We need to talk about The Woman in Black

She’s scary, that woman. Look at her, standing there at the back of the church without a prayer book, or in the abandoned graveyard. Or, rather – don’t look at her. You never know what you might unleash. Keep your head down, keep walking, and carry on as if you never saw her in the first place.

If you’ve ever taught Susan Hill’s 1983 novel The Woman in Black, ever seen the stage play or the Daniel Radcliffe film or the 1989 ITV adaptation, you’ll know just how frightening Jennet Humfrye, the Woman in Black, actually is. Jennet, with her wasted face and malevolent gaze, haunts the lonely churchyard and marshes of the isolated town of Crythin Gifford, and casts an eerie spell over Arthur Kipps, the young solicitor who has been sent from London to sort out the papers of the mysterious Mrs Drablow after her death. Her fleeting appearances in the stage play have audience members shrieking in their seats.  In the television adaptation, scripted by Nigel Kneale of Quatermass fame, she swoops down like a grinning harpy over Kipps as he lies in his bed, and screeches in his face.

Me, confronted with another set of adoption stereotypes

The Woman in Black is incredibly popular in schools. It’s a set text for OCR and Eduqas at GCSE, and it’s also used widely in Key Stage 3, partly because it’s a brilliant introduction to the Gothic, but also because it’s a cracking novel in its own right. We do it at the beginning of Year Nine, and students enjoy it: they rise to the challenge of what is a relatively ‘adult’ novel, and are intrigued by the way Hill controls tension and builds atmosphere. Living as we do on the edge of the Fens, they also find Hill’s descriptions of misty, marshy landscapes extremely evocative. We spend time looking at the way she conveys the delicacy of the light, the weak winter sun and the calls of distant birds. Last year, one of my students showed me a photograph he’d taken during his journey to school one foggy morning. ‘Look, Miss’, he said, ‘it’s just like that bit we read where he’s on his way to Eel Marsh House.’ And it was.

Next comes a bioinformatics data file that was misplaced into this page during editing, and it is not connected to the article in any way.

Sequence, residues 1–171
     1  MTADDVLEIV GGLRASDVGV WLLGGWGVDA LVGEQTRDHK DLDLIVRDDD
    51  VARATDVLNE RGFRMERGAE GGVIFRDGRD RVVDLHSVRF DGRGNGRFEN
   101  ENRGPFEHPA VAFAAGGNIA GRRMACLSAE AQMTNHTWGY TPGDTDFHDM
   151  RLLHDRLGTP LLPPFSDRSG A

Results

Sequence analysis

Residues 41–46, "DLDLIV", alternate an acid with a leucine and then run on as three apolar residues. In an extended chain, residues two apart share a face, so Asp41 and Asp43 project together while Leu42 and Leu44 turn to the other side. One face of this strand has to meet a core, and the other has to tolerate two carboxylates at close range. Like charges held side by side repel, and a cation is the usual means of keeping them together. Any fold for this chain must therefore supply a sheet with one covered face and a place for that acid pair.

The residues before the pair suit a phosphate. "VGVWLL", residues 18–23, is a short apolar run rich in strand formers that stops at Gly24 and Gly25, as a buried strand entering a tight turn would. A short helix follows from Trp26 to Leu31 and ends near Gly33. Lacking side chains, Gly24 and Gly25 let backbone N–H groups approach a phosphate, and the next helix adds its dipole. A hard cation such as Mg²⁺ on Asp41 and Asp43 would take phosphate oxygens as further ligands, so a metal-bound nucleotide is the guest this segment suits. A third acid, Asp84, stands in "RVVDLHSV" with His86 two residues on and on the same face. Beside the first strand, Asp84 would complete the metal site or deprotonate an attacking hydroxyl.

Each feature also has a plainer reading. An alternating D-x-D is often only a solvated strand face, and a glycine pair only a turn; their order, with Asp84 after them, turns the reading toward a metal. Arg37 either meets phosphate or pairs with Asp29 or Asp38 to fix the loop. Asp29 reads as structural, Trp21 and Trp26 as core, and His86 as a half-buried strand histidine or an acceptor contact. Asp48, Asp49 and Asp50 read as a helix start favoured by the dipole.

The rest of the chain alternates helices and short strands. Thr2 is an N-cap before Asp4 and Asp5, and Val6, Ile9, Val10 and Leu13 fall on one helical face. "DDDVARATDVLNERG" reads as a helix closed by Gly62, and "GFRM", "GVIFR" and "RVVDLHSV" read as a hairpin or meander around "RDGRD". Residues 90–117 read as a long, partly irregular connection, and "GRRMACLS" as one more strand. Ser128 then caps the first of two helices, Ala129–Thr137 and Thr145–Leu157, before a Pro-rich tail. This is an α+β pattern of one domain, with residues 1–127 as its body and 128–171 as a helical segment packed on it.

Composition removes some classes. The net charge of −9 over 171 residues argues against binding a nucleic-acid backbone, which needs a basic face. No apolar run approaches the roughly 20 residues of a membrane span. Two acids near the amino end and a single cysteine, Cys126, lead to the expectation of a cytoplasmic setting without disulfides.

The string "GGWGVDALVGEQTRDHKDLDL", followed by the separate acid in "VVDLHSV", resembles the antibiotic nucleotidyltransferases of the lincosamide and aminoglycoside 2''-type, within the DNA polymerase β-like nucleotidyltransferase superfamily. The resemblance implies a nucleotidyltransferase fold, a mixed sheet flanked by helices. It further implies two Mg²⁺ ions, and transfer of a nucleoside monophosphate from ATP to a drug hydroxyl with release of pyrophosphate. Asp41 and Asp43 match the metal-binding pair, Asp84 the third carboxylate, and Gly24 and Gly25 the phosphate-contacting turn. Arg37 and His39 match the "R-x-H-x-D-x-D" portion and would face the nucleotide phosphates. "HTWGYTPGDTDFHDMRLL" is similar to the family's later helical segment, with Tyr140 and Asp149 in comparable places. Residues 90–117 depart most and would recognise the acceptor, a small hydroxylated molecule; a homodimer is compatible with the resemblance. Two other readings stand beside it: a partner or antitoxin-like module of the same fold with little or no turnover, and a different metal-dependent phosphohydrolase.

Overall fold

But The Woman in Black is also problematic. Like Blood Brothers, which I wrote about last year, it’s a text whose plot turns on an adoption, and therefore, it has the potential to unleash some extremely complex feelings in students who are adopted or in care. It’s also a text whose representation of adoption – in particular, of the birth mother Jennet Humfrye – needs careful handling.

When she first appears, at the funeral of the reclusive widow Alice Drablow, Jennet Humfrye is a mysterious, brooding presence, dressed in black and bearing the traces of ‘some terrible wasting disease’. Arthur’s first impulse is to feel sorry for her. He wonders whether there’s anything he can do to help. As the novel unfolds, we discover that Jennet and Alice were sisters. We learn that Jennet had a relationship with a young man, became pregnant, and was coerced by her family into giving up her son Nathaniel so that he could be adopted by her sister and brought up in a ‘respectable’ household.